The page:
On the Wednesday after Easter my husband and I met our radiotherapy consultant, Alison, in Bristol Childrens Hospital. My parents looked after both girls so we could concentrate on the meeting. Alison went through Millie's history and asked us lots of questions about how she was and how she is now. She then talked about the tumour and the cancer and how it could be treated. We were told that ependymomas do not respond well to chemotherapy leaving radiation as the only choice. However, standard radiation can be very damaging to normal surrounding tissue particularly in children as young as Millie. The risks are so great that the NHS simply will not do it for children under the age of three. At this point Alison started talking about a new type of radiotherapy - proton radiotherapy which can be focused to a much smaller area and therefore reduces the risks of damage to surrounding tissue. However, there are still risks and side effects - the same ones that come from using any form of radiation on the body. These range from, for Millie, permanant hair loss to further brain damage to secondary cancer. The risks are smaller but still possible and there are still no gaurantees that radiotherapy will mop up all the remaining cancer cells. But what can you do? My husband and I decided to follow Alison's recommendation. We have to give Millie the best chance of life and the best care possible and this is it.
Unfortunately, proton radiotherapy is not available in the UK and we would have to go abroad for it - to Florida. Fortunately, the NHS is prepared to pay for the treatment of children who fit the very strict criteria. We were told that Millie was one of those children, although the decision still had to be made by the NHS proton panel and that could take a couple of weeks. But we would then be flown out very quickly afterwards, like 7 to 10 days! We would be out there for about 2 months in total. After a 2 week planning period Millie would go into hospital every day, 5 days a week, for a general aneasthetic and proton treatment for 6 to 7 weeks. BUT, before Millie's details could be sent to the NHS proton panel we had one more hurdle to jump. They needed to make sure that the cancer had not spread anywhere and to do that a lumber puncture was needed to test her spinal fluid. A Hickman catheter (also known as a port) would be put in at the same time. This is a tube that goes directly into a blood vessel in her chest and is used to administer drugs, including aneasthetics and antibiotics, and to take bloods. It replaces the need for canulars in her hand and the 'fairy gloves'. It will be tough but we can deal with that bit.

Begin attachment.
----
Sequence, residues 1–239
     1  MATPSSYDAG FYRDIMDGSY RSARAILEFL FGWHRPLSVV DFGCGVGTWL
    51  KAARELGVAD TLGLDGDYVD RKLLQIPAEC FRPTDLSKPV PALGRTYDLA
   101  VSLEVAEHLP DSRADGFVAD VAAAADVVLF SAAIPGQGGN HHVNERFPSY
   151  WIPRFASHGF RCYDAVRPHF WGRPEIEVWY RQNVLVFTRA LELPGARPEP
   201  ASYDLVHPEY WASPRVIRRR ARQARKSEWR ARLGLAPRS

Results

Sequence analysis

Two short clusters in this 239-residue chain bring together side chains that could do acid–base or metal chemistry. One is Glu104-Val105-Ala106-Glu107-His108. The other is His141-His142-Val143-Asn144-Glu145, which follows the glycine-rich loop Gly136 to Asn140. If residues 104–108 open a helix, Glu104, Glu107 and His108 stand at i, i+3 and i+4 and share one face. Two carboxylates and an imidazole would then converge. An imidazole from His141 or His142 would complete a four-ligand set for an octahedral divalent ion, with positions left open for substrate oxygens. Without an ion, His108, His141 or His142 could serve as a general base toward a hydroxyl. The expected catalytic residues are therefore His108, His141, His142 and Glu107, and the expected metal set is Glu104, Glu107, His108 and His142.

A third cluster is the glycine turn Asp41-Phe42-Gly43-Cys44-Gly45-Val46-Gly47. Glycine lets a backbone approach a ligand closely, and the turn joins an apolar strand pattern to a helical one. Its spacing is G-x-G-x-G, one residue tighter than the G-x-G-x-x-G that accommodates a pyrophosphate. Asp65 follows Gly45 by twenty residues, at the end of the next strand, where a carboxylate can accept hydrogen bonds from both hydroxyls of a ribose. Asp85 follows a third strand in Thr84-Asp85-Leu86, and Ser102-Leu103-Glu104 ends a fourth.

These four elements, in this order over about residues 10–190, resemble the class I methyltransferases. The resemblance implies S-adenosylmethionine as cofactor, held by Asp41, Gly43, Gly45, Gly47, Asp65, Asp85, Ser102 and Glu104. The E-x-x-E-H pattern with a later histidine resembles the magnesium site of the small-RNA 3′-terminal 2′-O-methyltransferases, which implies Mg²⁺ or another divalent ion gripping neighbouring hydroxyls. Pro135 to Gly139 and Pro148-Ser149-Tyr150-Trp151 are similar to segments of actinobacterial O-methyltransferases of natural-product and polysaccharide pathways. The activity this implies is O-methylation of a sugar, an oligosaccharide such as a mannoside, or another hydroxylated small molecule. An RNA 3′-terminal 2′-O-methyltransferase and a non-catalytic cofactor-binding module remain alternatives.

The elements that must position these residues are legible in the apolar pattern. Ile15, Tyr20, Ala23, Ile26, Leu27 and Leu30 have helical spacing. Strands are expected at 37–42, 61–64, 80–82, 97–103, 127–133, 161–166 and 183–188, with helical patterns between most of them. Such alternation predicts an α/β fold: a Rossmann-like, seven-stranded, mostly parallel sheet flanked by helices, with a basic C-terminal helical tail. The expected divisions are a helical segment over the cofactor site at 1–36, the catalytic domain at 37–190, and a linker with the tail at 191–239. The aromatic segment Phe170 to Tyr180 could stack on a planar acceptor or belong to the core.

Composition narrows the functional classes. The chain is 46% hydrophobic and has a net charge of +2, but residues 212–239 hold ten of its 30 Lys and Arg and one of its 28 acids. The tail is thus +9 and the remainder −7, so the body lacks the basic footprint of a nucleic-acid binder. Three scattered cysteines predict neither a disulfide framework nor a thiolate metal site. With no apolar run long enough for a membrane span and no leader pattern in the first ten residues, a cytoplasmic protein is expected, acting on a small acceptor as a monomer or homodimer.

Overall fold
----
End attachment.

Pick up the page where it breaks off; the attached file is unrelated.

We managed to leave the hospital late that day, after our eldest got to sit in an air ambulance that had landed in the hospital grounds - it made her week, she deserves it. I pushed very hard to make sure we could leave. School had restarted that week and our eldest was desperate to go to the school's royal wedding party on the Thursday. We got home very late but somehow managed to get up in time to get our eldest to school on time and in her new party dress!
Little Feet - Long Walk
Hello and welcome to my blog. This blog is the journey of our family after Millie, our 2 year old daughter, was discovered to have a large brain tumour. The tumour was caused by an aggresive cancer named anaplastic ependymoma. Please feel free to read as much as you want and spread the word. If you want to know more details about the diagnosis then it is best to start at "The beginning ... " which was written in May 2011. But you are welcome to follow us from today. I have created pages that summarise the events leading up to the start of going to Florida for proton radiotherapy at the beginning of June 2011, about 8 weeks after diagnosis.